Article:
Readers of this blog know that I am not a fan of online polls (see previous post: “Why Online Contests Aren’t Worth the Click”). These popularity contests for nonprofits tend to waste a lot of energy and time for both the organization and their donors (with, perhaps, the exception being the winning nonprofit).
That being said, there is another type of contest, one whose winners are judged by panels (some even staffed by experts) and whose goal is to foster innovation and creativity. These contests don’t send charities running to their donors to vote but rather to their conference tables to brain storm. While only a few actually win these contests, most, if not all, learned something in the process and have come out better from the experience.
So without further ado, take your laptop over to the couch, grab your favorite beer (mine is Pete’s Wicked Ale, but to each his own) and explore how nonprofit organizations challenged themselves to produce some real creative, innovative and, dare I say, fun material for the following contests.
Adobe and Techsoup, two big names in nonprofit technology, teamed up to ask nonprofits to “submit an exceptional piece of work created with Adobe products that demonstrates or showcases how your organization is generating innovative and creative ideas to address issues that impact the communities you serve with ideas and information to improve lives, communities, or the globe.”
Participants were asked to submit pieces and essay in one of three different categories: (1) Print/Photo (2) Web or (3) Other Media.
Since 2008, Nancy Schwartz has been running the a contest of the “Best in Nonprofit Taglines” or what she affectionately has dubbed, The Taggies.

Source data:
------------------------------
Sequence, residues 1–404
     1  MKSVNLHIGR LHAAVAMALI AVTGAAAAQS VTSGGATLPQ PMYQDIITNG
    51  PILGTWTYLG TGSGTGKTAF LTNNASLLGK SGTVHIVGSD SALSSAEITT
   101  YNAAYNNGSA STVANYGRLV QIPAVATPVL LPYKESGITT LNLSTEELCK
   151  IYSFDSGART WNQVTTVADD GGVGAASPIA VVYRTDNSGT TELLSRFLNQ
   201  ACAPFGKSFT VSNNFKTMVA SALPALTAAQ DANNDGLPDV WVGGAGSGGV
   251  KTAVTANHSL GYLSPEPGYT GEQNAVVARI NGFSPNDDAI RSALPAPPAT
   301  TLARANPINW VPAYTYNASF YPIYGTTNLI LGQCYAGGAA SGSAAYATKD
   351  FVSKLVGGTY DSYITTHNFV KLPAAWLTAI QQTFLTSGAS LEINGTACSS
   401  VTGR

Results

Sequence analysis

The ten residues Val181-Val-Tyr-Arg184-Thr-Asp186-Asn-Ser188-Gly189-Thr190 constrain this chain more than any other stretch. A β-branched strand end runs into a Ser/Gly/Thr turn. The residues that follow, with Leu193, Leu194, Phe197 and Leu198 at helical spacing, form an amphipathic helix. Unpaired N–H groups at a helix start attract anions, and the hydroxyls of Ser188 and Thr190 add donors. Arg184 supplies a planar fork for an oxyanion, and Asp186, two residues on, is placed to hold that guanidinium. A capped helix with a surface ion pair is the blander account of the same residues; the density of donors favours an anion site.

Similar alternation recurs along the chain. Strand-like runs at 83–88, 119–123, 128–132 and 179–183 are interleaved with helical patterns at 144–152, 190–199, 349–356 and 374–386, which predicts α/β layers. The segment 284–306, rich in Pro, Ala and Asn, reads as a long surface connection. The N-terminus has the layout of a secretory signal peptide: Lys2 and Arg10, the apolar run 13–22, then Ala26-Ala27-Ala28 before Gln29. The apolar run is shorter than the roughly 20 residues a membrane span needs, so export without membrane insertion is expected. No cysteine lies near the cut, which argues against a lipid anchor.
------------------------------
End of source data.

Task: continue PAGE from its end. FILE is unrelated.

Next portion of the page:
The contests goals are simple yet vital: “A strong tagline does double-duty — working to extend your organization’s name and mission, while delivering a focused, memorable and repeatable message to your base. It’s one of your most effective marketing tools, but a GettingAttention.org survey showed that 72% of nonprofit organizations don’t have a tagline or rate theirs as performing poorly. I’m trying to change that with this annual award program and report, highlighting the best in nonprofit taglines.”
450 Nonprofits from 4 countries submitted videos to be considered in the various categories. With videos having a much higher click-through rate, it’s no wonder why this kind of contest arose. The contest was run by Google, Case Foundation, 3C and others.
Every year Mashable collects the most viral video ads on YouTube. This last one isn’t really for the nonprofit sector — so sue me. It’s worth the click as some of them are just darn funny (i.e. Old Spice Responses) or plain-out cool (i.e. Master of the Business-Card Throw).
And for those still warming themselves up by huddling around the fire place, here are the Top 10 nonprofit-sector books published in 2010. Recommendations courtesy of Beth Kanter.
Best wishes for a successful 2011.